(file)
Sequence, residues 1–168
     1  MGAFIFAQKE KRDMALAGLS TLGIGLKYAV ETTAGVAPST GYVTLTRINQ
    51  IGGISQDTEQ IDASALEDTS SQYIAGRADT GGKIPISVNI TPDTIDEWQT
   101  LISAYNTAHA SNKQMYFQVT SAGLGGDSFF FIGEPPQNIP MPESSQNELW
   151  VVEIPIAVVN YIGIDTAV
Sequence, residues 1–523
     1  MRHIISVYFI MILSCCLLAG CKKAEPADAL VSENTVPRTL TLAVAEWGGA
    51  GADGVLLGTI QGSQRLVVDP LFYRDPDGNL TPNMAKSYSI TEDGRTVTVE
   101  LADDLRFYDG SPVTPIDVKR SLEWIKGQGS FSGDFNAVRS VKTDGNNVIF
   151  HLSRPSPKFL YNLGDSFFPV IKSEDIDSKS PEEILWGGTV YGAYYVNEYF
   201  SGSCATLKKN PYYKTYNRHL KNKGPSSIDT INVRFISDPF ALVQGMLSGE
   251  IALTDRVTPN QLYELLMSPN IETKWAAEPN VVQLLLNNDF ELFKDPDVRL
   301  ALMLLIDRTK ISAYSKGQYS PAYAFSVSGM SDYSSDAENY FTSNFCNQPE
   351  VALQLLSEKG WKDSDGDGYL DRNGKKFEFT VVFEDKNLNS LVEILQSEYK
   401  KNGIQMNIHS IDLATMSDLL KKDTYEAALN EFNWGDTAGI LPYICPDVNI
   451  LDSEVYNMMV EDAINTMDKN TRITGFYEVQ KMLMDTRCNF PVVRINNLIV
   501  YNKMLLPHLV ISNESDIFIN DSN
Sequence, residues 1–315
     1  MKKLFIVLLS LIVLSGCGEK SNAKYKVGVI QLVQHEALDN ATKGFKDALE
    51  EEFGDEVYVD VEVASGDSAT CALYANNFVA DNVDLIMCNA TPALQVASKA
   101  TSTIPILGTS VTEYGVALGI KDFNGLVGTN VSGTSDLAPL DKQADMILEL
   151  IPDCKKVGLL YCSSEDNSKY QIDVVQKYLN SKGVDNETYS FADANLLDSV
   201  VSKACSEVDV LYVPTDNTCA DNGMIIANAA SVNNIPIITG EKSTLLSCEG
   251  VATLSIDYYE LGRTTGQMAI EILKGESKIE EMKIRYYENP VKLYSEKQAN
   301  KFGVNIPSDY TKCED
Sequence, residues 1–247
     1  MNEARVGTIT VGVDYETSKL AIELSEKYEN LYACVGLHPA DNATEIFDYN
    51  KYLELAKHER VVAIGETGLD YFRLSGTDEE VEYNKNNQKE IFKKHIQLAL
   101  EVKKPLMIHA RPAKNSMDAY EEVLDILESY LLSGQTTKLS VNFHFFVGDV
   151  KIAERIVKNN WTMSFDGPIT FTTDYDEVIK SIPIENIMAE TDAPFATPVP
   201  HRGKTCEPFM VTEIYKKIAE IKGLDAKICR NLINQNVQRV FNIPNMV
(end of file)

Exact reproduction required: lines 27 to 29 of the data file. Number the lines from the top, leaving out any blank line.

     1  MNEARVGTIT VGVDYETSKL AIELSEKYEN LYACVGLHPA DNATEIFDYN
    51  KYLELAKHER VVAIGETGLD YFRLSGTDEE VEYNKNNQKE IFKKHIQLAL
   101  EVKKPLMIHA RPAKNSMDAY EEVLDILESY LLSGQTTKLS VNFHFFVGDV